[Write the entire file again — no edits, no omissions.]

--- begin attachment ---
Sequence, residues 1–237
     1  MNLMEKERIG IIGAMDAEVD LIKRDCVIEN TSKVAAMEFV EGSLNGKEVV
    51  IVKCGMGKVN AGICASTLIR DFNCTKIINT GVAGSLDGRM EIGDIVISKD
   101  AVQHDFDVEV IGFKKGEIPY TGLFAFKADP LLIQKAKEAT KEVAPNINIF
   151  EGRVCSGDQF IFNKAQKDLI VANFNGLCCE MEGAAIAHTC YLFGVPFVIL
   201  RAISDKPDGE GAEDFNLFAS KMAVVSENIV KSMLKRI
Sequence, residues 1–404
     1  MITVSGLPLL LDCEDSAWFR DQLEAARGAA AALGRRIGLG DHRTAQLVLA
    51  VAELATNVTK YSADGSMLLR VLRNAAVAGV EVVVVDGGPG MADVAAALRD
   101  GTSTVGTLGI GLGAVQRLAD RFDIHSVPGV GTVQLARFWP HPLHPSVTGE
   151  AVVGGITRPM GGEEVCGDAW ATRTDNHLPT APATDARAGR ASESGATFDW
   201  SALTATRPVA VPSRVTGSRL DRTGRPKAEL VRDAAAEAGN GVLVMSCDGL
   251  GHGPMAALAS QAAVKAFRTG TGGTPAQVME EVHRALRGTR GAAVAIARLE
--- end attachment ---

Sequence, residues 1–237
     1  MNLMEKERIG IIGAMDAEVD LIKRDCVIEN TSKVAAMEFV EGSLNGKEVV
    51  IVKCGMGKVN AGICASTLIR DFNCTKIINT GVAGSLDGRM EIGDIVISKD
   101  AVQHDFDVEV IGFKKGEIPY TGLFAFKADP LLIQKAKEAT KEVAPNINIF
   151  EGRVCSGDQF IFNKAQKDLI VANFNGLCCE MEGAAIAHTC YLFGVPFVIL
   201  RAISDKPDGE GAEDFNLFAS KMAVVSENIV KSMLKRI
Sequence, residues 1–404
     1  MITVSGLPLL LDCEDSAWFR DQLEAARGAA AALGRRIGLG DHRTAQLVLA
    51  VAELATNVTK YSADGSMLLR VLRNAAVAGV EVVVVDGGPG MADVAAALRD
   101  GTSTVGTLGI GLGAVQRLAD RFDIHSVPGV GTVQLARFWP HPLHPSVTGE
   151  AVVGGITRPM GGEEVCGDAW ATRTDNHLPT APATDARAGR ASESGATFDW
   201  SALTATRPVA VPSRVTGSRL DRTGRPKAEL VRDAAAEAGN GVLVMSCDGL
   251  GHGPMAALAS QAAVKAFRTG TGGTPAQVME EVHRALRGTR GAAVAIARLE